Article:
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A trader works on the floor of the New York Stock Exchange in New York City on Dec. 9, 2021.BRENDAN MCDERMID/Reuters

Scores of high-flying stocks that benefited from one of the frothiest markets in decades are crashing, concluding a pandemic round trip that saw share prices soar, then collapse, in under 24 months.

Early this year, retail investors poured money into the stock market, and at one point accounted for half of all trades in Canada. By July, a basket of stocks tracked by Goldman Sachs, known as the Retail Favourites index, had nearly doubled in value since the start of 2021.

But only five months later, the basket’s value has crashed, and as of mid-December, its year-to-date return has fallen below that of the S&P 500 – which is up 27 per cent since the start of the year.

The correction has humbled many CEOs, whose companies looked like stellar investments not so long ago. After the pandemic erupted in March, 2020, shares of Zoom Video Communications Inc., for instance, went on a tear, and by February of this year its stock price had more than quadrupled. But because of the recent sell-off the shares are now down 58 per cent from their high this year.

High-profile fund managers have also been humbled, including Cathie Wood, who morphed into a money management rock star during the pandemic because of phenomenal returns in her Ark Innovation ETF. Yet this year the fund is down 23 per cent – with a particularly sharp sell-off in the past six weeks. In all, Ms. Wood’s flagship fund has underperformed the S&P 500 by 50 percentage points year to date.

What’s behind the recent growth stock crash? Inflation fears, for one. Central banks are starting to acknowledge that the recent rise in consumer prices may not be transitory, and that is raising investor expectations of rate hikes next year. Growth stocks often struggle when rates rise.

But George Pearkes, a macro strategist at Bespoke Investment Group, is adamant there is more to it. “These names have just run out of incremental buyers.”

“We’ve had a huge uptick in demand for these kinds of investments over the last several years,” he said in an interview. It’s hard to pinpoint when the inflows will run dry, he said, but when they do, animal spirits can kick in and investors look to cash in profits.

The hard part is determining which companies or indexes will be affected, because the term “growth stock” has taken on a broad meaning. Some baskets, such as the iShares Core S&P U.S. Growth ETF, are still up 32 per cent for the year.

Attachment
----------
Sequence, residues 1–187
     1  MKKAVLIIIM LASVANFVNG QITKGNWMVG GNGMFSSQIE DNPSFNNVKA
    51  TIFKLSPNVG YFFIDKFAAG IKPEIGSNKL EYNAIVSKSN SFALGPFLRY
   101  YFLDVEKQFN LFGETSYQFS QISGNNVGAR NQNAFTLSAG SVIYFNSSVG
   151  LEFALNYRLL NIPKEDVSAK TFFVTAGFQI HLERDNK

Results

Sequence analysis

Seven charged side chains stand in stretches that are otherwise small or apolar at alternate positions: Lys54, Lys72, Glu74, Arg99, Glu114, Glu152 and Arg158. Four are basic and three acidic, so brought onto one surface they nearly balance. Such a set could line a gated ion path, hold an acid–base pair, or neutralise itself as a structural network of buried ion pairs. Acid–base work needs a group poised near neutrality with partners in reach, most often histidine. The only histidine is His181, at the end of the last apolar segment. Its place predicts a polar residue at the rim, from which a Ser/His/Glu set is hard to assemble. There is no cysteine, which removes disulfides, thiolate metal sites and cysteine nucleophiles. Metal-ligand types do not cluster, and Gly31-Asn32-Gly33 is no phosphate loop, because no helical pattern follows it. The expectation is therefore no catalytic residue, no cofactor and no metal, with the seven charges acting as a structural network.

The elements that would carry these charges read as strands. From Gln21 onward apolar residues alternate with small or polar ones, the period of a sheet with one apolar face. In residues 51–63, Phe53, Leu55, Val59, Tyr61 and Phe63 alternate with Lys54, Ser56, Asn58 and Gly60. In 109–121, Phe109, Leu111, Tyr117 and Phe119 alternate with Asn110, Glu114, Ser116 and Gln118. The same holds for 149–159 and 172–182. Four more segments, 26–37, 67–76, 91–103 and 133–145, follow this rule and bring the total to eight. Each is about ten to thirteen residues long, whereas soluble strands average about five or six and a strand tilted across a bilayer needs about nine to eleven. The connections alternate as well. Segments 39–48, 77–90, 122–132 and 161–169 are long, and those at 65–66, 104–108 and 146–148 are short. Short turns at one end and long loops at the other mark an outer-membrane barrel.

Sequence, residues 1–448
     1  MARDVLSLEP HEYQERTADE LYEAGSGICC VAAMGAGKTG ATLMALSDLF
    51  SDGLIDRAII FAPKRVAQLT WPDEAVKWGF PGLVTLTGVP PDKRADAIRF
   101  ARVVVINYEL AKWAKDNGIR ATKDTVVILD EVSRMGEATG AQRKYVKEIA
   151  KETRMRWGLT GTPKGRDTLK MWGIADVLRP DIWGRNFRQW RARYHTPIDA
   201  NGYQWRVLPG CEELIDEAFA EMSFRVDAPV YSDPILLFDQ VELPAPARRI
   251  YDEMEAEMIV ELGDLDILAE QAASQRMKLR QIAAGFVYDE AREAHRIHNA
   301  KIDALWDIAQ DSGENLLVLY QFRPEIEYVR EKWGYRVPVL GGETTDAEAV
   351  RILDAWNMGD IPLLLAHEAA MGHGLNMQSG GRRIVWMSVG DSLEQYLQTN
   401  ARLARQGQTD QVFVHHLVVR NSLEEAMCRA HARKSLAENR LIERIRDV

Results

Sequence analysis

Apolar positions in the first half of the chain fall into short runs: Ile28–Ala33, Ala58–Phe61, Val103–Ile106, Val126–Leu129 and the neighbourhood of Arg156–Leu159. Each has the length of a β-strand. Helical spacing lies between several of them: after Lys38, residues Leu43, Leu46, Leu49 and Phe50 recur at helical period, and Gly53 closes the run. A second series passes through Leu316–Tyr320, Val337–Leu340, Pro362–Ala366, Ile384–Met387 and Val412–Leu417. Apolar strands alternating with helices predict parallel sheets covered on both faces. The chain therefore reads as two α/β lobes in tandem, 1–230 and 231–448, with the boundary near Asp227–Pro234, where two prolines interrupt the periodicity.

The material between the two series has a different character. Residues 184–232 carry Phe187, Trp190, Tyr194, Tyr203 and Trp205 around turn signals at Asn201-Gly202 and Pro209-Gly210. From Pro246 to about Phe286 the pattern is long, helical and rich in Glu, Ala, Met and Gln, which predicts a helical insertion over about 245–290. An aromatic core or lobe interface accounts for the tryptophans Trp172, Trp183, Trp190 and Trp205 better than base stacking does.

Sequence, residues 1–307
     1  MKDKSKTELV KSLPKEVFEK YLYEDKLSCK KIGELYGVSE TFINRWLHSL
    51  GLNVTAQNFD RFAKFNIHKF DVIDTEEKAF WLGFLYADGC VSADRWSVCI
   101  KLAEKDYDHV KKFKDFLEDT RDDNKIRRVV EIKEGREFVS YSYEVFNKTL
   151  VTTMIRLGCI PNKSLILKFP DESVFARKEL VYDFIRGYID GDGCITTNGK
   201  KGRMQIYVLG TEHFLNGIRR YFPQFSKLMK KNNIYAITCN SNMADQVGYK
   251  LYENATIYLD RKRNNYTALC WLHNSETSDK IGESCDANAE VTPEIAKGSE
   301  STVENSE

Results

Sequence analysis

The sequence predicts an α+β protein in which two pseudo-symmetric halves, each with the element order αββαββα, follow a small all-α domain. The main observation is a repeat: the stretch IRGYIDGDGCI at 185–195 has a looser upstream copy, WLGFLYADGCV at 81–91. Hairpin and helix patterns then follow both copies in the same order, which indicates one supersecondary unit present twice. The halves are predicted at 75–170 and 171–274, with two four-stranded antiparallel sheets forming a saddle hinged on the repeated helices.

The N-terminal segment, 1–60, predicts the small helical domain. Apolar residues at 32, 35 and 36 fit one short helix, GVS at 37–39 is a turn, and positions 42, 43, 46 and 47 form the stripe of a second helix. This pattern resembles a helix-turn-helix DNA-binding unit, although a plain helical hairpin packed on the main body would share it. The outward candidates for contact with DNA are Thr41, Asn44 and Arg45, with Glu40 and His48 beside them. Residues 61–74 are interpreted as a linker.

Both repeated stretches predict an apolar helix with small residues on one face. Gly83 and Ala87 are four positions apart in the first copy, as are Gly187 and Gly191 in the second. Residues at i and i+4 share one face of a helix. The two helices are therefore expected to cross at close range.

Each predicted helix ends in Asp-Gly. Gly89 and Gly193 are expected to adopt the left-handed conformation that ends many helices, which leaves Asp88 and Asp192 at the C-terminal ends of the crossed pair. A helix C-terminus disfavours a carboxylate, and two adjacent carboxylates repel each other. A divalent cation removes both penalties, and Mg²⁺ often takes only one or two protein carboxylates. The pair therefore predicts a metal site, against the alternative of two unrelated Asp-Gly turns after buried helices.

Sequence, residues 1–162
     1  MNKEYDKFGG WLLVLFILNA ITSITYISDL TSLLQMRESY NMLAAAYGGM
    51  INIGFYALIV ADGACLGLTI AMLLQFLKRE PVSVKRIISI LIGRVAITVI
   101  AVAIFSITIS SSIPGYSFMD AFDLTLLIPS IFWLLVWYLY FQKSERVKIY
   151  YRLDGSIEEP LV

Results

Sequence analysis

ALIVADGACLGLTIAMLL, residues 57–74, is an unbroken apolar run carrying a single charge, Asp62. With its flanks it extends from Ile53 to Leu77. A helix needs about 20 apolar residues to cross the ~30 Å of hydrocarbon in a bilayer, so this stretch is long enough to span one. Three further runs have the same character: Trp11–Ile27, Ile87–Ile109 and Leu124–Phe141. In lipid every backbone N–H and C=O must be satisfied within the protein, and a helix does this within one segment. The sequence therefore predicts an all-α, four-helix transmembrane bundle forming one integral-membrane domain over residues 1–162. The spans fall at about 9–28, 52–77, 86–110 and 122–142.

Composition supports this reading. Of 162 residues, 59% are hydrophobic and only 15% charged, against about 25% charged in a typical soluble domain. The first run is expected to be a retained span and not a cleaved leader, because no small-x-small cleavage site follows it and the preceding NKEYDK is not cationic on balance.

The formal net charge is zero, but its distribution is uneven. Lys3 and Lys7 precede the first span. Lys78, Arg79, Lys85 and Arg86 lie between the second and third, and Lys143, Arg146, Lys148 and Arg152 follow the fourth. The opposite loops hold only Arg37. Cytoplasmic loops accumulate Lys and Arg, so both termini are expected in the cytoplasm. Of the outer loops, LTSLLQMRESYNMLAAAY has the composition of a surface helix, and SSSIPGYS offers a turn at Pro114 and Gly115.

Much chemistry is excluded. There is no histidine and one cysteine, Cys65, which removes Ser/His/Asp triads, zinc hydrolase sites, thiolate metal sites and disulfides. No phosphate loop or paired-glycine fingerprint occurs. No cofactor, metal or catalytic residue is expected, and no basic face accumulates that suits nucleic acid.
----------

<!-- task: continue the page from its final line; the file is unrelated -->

The trick is digging into the portfolio‘s composition. The iShares ETF, for instance, tracks “large- and mid-capitalization U.S. equities that exhibit growth characteristics,“ which means it includes the likes of Home Depot Inc. and UnitedHealth Group Inc.

Meanwhile the stocks that went on a tear during the pandemic were often unprofitable companies that were expected to benefit as more people worked from home, or conducted more of their daily lives on software platforms. Examples include Peloton Interactive Inc. (down 74 per cent since January) and Spotify Technology SA (down 28 per cent over the same period).

In Canada, examples include Lightspeed Commerce Inc., which is now down 36 per cent year to date, and Montreal-based payments company Nuvei Corp., which is down 8 per cent over the calendar year – and down 53 per cent in the past month. Both companies have been targeted by a short-seller.

Stock selection, then, has hurt the Ark Innovation ETF. While mega tech companies such as Apple Inc. and Microsoft Corp. have continued to perform well, Ms. Wood decided to focus on the more traditional meaning of growth stocks – that is, up and coming companies.

Some of these bets have held up, such as investments in Tesla Inc. and Shopify Inc. But U.K.-based PensionCraft, a consultancy, crunched the numbers and as of last week found that roughly half of the fund’s holdings had dropped at least 50 per cent from their 2021 peak levels.

The recent crash hurts retail investors who chased returns over the past year. Ark is famous for its 41.3 per cent average annual return over the past five years, but “most of the returns came when fewer shareholders were around to benefit,” Morningstar strategist Amy Arnott wrote this week.

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